2024 will witness an even stronger emphasis on regenerative agriculture, where the focus is on restoring soil health, reducing the carbon footprint, and increasing biodiversity. Photo courtesy Lolagrace Photography
“Chefs play a huge role; we have this power now that we never had before. We can introduce change. We need to look at modernity and science when it comes to flavor. That is the future of really great cooking and really great farming. When you treat nature well, it gives you the gift of great food.”
Count on cacao
For a long time, cacao pulp (the white mucilage that surrounds cacao beans) was seen as a waste product from the process of chocolate making, but cacao-pulp is now getting new life.
The flavorful pulp is increasingly being used to make cacao pulp juice, a beverage that has a delightfully fruity taste. What makes cacao pulp juice even more trend-worthy is its health-giving properties. The beverage is naturally rich in fiber as well as antioxidants. Additionally, the pulp is being made into jellies and jams. The emergence of cacao fruit powders in 2023 also presents an opportunity for brands seeking a new sugar alternative without compromising on sweet, ambrosial flavor.
Bowl them over
Bowls have been popular for quite a while, but they’re poised to make a stronger standing in 2024.
Chicken Burrito Bowl from Restaurant Associates at Novartis Cambridge. Photo courtesy Tara Fitzpatrick
According to Unilever Food Services Future Menus report, bowls can help contribute to the low waste movement by making clever use of ingredients. Given how versatile bowls are, this incredibly popular menu item is a great dish format to use a multitude of ingredients in varying flavors and textures. Think of using parts of veggies that might otherwise hit the waste bin, like beet greens densely packed with nutrients or delicately flavored celery leaves. Trimmings of ahi tuna can be minced into the ever-popular spicy tuna for the perfect premium protein add-on to bowls.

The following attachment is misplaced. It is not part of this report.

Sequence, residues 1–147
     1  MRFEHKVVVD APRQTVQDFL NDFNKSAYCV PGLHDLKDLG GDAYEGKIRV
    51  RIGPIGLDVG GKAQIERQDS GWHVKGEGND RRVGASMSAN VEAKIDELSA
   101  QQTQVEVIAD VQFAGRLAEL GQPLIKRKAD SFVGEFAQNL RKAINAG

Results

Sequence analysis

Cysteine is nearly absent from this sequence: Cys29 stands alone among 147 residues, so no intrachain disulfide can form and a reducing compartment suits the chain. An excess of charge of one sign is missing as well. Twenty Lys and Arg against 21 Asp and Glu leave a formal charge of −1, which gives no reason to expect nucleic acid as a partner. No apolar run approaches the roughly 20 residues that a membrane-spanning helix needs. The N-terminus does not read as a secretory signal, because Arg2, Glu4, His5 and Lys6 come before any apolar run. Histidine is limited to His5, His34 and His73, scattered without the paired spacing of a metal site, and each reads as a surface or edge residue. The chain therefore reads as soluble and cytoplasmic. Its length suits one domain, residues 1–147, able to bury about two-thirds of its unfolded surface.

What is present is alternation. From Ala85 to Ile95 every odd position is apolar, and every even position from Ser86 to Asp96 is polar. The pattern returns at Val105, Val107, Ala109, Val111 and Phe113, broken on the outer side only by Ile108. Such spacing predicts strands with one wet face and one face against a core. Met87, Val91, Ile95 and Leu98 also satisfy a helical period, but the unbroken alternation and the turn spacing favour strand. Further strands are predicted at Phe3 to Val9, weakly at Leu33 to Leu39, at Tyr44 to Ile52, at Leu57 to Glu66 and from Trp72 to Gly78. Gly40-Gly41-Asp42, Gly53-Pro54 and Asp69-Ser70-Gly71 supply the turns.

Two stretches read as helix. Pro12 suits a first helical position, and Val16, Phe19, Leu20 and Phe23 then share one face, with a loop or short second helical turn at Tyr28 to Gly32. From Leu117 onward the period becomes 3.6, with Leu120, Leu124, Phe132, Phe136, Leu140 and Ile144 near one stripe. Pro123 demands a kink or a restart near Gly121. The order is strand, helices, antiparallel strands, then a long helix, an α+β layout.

Noodles will also be popular in bowls as consumers look for ways to dress up this food item with quality ingredients and tantalizing flavors.
Farm Vegetable Grain Bowl from Gate Gourmet. Photo courtesy Gate Gourmet
Poke bowl with tuna, seaweed, furikake steamed rice, and lotus crisps from Tuxedos and Tennis Shoes, a DSquared Hospitality Company. Photo courtesy NXT Creates
Heritage grains and ancient ingredients are also poised to make a comeback in the culinary world. Quinoa, amaranth, teff, and heritage wheat varieties are great additions to grain bowls, adding depth of flavor and a healthy twist to classic recipes.
Farro and Roasted Vegetable Bowl from Chef Cori Boudreaux. Photo courtesy NAM Future Menus 2023 Report
Caterers can also definitely tap into the bowl trend through creative action stations and build-your-own-bowl stations.
Complex heat continues its evolution with global peppers taking off in every aisle—and the trend is only getting hotter. According to McCormick for Chefs, heat continues to push beyond the singularly spicy realm and takes off on a journey where heat and ingredient pairings come together to shape how heat is perceived and how long it lingers and ﬁnishes.
Sansho pepper yakitori with spicy furikake. Photo courtesy McCormick for Chefs
Specialty varieties like scorpion peppers, guajillo, or Hungarian Goathorn peppers are found fresh, whole, ground, or pickled, and a new wave of pepper-infused drinks, chili oils, and botana sauces are becoming increasingly popular, with the trend spreading to cheese. Even tajin is expanding from candies and cocktails to spicing up grocery store sushi, desserts, and more.
Cholula® Smoky Chipotle Carnitas and Carne Asada tacos. Photo courtesy McCormick for Chefs
2024 will also present a growing interest in foods defined by a spicy and sweet flavor combination known in some circles as “swicy.” While Americans love spicy foods, this “swicy” combination expands the appeal and approachability of hotter flavors. Hot honey, mango habanero, and other combinations are helping to create more complex, nuanced, and broadly appealing flavors across a range of applications.
These ice cream bars offer up a multi-sensory experience when it comes to the complexity of heat. Your first bite is the raspberry shell garnished with freeze-dried raspberries and a dusting of cayenne, followed by a luscious no-churn vanilla ice cream kissed with crushed red pepper and the sweet-heat of a Frank’s RedHot® and cayenne red pepper raspberry swirl. Photo courtesy McCormick for Chefs
Fin and fancy free